Hawkins 5. Carey 0.

Winning.
If Carey had been able to stand up in the 1998 Grand Final and kick The Goals That Needed To Be Kicked, the Kangaroos may well have snagged three flags from three goes. As it stands, Carey won two and lost one. Hawkins, however, is perfect in Grand Finals, having won both contests he has been involved in.
Hawkins 6. Carey 0.

Age.
Hawkins has achieved all this at the tender age of 23. The last game Carey played he did his calf in a suburban league, at the age of 40. It is doubtful Carey can improve upon his performance at this stage of his career, whilst Hawkins is clearly coming into the prime of his career. At this rate, Hawkins will have won eight flags (yes, eight!) by the time he is Carey’s age.
Put that in your figurative pipe and smoke it.
Hawkins 7. Carey 0.

Possibility of an Advanced Hair endorsement deal.
The one knock on Hawkins throughout his career has been his foppish private school side-part haircut. It flaps about in the breeze like an art critic’s cape. Thus, he is far too well endowed up top to ever draw the attention of the Strand by Strand crew.

Carey, of course, is a different story. His male pattern baldness screams out for attention. Carey and Advanced Hair? Yeah yeah!

Hawkins 7. Carey 1.

By now, it is clear that Tom Hawkins is far superior to Wayne Carey if you look at the cold, hard, incredibly biased and twisted facts as outlined by a one-eyed Geelong supporter rushing to make any Geelong player appear to be a God on Earth.

Next up, why David Mensch was better than Royce Hart.

Comments

  1. Bloody hell – just what the Almanac needed. Phantom’s analytical second cousin!! Very clever, Alex.

  2. John Butler says:

    Alex,

    Obviously been sucking on the Harms happy gas again re those Cats.

    Looking forward to the Mensch ‘rationale’. That should prove quite the challenge.

  3. Alex,

    All i can say is “ouch”

    Smokie Roo-boy.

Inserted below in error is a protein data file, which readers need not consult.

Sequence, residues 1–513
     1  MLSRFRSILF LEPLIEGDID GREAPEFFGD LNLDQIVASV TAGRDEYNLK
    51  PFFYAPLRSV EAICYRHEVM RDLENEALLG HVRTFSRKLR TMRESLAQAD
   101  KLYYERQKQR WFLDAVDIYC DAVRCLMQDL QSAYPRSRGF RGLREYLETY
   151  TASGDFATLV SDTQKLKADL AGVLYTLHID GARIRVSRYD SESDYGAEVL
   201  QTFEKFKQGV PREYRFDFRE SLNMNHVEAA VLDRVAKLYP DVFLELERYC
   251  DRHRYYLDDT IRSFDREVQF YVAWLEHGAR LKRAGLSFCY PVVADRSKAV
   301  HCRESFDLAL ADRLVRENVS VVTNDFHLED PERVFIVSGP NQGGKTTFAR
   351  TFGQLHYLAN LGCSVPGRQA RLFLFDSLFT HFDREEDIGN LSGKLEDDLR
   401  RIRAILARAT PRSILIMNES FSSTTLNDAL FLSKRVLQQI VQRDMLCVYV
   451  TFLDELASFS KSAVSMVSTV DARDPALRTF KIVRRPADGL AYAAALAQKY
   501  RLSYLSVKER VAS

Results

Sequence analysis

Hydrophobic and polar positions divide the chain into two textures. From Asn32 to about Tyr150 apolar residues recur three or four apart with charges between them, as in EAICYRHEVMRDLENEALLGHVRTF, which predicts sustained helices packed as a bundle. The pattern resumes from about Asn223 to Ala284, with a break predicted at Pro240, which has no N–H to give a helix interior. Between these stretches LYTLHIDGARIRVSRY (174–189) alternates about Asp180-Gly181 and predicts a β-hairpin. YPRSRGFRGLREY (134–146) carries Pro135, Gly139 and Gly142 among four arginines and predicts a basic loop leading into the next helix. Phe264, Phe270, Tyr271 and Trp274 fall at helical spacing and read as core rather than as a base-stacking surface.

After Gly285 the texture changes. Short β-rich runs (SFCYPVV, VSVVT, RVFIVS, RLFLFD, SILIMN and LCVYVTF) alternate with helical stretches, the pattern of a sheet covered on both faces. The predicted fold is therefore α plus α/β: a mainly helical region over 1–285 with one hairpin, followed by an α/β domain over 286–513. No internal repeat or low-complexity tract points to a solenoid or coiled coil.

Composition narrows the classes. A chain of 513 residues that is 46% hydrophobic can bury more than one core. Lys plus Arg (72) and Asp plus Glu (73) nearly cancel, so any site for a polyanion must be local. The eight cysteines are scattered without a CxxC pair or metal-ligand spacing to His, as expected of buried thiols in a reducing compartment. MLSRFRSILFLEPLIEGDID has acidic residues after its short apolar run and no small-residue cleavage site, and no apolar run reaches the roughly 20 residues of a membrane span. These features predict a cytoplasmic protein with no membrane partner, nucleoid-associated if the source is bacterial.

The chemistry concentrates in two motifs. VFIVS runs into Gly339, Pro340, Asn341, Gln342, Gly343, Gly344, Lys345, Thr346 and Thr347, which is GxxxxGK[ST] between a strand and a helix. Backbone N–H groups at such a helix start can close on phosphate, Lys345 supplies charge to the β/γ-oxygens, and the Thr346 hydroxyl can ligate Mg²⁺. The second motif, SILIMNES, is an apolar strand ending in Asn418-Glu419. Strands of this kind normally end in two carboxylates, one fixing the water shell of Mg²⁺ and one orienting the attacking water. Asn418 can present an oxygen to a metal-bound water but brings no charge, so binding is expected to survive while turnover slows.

4. “Next up, why David Mensch was better than Royce Hart.”

    What an absolute scream! One of my favourite articles. I can see a series of these type of articles growing legs…

  5. Possibility of a Civil Lawsuit.

    Hawkins 7. Carey 2.

  6. One of the better last lines in all of Almanac history.

  7. Skip of Skipton says:

    Love it. You don’t work for the IPCC do you?

  8. What about something on who Brett Spinks was better than..

  9. Very kind of you to bring that one up Les.

    The Cats have rectified that glitch in draft selection. They have worked out that by finishing in the top four each year you avoid the first pick in the draft.

    It seems to be working.

  10. Sydney Malakellis says:

    I’d forgotten I’d written an open letter to Tom Hawkins a few month ago. Looks like I’m a better motivator of men than John Kennedy… http://footyalmanac.com.au/?p=24273

  11. Pamela Sherpa says:

    This would be serious if it weren’t so funny- hilarious Alex. Looking forward to your next one.

  12. Andrew Starkie says:

    Won’t even lower myself to read this piece.

    I assume it’s tongue-in-cheek.

    Can’t believe it’s been posted.

    Disgusted.

  13. Observant, piss funny and, in a sense, accurate. Did I detect just the slightest whiff of hubris?

    I reckon Hawkins must drop a couple of points because of his “Village of the Damned” eyes?

    Cheers

  14. Graeme Rule says:

    After such a reasoned argument I could almost believe that Victoria gets too easy a run when choosing our national cricket team.

  15. Alex – the Mensch/Hart piece is awaited with bated breath. Finalising the research or polishing the prose? Do you envisage this as a fortnightly/monthly or annual series of pieces. Failing the expected arrival of the next in your series I am polishing my own “why I was a better leg spinner than Shane Warne” rejoinder.

Leave a Comment

*